After the motorcade turned the corner onto Elm Street in Dealey Plaza, the First Lady heard what she thought to be a motorcycle backfiring and did not realize that it was a gunshot until she heard Governor Connally scream.

Photo moments before President Kennedy is assassinated.

Within 8.4 seconds, two more shots had rung out, and she leaned toward her husband. Another shot struck the President in the head. Shocked, she climbed out of the back seat and crawled over the trunk of the car. Her Secret Service agent, Clint Hill, later told the Warren Commission that he thought she had been reaching across the trunk for a piece of the President's skull that had been blown off. Hill ran to the car and leapt onto it, directing her back to her seat. The car rushed to Dallas' Parkland Hospital, and on arrival there, the president's body was rushed into a trauma room. The First Lady, for the moment, remained in a room for relatives and friends of patients just outside.

 

A few minutes into her husband's treatment, accompanied by the President's doctor, Dr. Malcolm Perry, she left her folding chair outside Trauma Room One and attempted to enter the operating room. Nurse Doris Nelson stopped her and attempted to bar the door to prevent her from entering. She persisted, and the President's doctor suggested she take a sedative, which she refused.

"I want to be there when he dies," Jackie told Burkley. He eventually persuaded Nelson to grant her access to Trauma Room One, saying: "It's her right, it's her prerogative."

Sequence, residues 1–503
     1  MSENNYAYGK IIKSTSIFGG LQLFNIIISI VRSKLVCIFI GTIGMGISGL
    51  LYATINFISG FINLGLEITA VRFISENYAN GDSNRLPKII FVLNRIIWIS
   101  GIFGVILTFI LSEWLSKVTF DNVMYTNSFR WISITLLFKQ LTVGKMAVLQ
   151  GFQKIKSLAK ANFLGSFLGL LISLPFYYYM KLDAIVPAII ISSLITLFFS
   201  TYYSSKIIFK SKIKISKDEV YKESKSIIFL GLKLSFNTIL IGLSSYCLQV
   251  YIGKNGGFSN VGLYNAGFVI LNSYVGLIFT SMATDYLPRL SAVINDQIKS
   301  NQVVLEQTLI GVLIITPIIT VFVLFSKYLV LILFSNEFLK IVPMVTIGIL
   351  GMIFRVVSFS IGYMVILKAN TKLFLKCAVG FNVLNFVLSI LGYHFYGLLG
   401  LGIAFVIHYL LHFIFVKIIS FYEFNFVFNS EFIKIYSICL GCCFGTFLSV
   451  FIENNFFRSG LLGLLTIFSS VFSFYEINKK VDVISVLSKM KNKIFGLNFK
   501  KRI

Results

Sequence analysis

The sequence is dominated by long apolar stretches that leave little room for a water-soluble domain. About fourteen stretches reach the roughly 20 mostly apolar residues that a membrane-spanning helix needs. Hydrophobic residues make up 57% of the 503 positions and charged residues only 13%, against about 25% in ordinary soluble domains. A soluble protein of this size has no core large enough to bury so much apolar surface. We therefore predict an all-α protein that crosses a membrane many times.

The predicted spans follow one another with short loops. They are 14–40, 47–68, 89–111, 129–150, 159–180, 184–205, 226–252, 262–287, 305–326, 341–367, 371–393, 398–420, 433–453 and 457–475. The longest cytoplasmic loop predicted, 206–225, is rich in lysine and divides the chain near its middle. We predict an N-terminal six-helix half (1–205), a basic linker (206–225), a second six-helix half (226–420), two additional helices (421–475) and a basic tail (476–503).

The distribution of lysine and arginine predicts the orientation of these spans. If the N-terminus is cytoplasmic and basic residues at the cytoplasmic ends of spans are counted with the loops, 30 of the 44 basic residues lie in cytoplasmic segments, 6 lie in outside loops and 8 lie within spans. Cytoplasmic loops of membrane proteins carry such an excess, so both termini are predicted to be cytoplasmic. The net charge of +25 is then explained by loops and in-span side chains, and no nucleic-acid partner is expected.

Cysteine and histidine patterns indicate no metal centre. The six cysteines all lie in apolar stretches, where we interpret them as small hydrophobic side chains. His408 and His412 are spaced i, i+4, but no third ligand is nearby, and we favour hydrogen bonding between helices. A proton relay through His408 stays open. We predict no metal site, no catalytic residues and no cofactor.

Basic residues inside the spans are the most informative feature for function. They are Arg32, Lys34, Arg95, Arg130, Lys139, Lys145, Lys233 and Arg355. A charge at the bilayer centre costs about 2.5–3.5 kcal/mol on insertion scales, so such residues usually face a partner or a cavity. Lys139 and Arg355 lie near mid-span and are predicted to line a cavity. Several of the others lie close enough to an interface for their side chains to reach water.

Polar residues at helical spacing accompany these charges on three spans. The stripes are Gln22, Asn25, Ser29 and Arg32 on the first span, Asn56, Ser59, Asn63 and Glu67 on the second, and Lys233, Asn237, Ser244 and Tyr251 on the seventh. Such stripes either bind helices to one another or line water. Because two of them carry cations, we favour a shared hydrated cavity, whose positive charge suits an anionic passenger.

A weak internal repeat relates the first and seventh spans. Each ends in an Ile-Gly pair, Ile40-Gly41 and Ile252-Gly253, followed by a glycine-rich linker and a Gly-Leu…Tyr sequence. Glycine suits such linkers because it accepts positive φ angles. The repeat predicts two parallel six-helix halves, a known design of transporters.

Later, when the casket arrived, the widow removed her wedding ring and slipped it onto the President's finger. She told aide Ken O'Donnell, "Now I have nothing left."

 

After the president's death, she refused to remove her blood-stained clothing and regretted having washed the blood off her face and hands. She continued to wear the blood-stained pink suit as she went on board Air Force One and stood next to Johnson when he took the oath of office as President. She told Lady Bird Johnson, "I want them to see what they have done to Jack."

 

A week after her husband's assassination, Kennedy was interviewed in Hyannis Port, Massachusetts, on November 29 by Theodore H. White of Life magazine. In that session, she compared the Kennedy years in the White House to King Arthur's mythical Camelot, commenting that the President often played the title song of Lerner and Loewe's musical recording before retiring to bed. She also quoted Queen Guinevere from the musical, trying to express how the loss felt. Upon leaving the White House for the last time, Kennedy asked her Secret Service drivers to arrange her trips so that she would never accidentally glimpse the old mansion.

 

Her steadiness and courage after her husband's assassination and funeral won her admiration around the world ... She spent a year in mourning, making few public appearances; during this time, Caroline told one of her teachers that her mother cried frequently.

 

(Source: Wikipedia: Jacqueline Kennedy Onassis)

 

"It is strange but true .. for truth is always strange .. stranger than fiction."- Lord Byron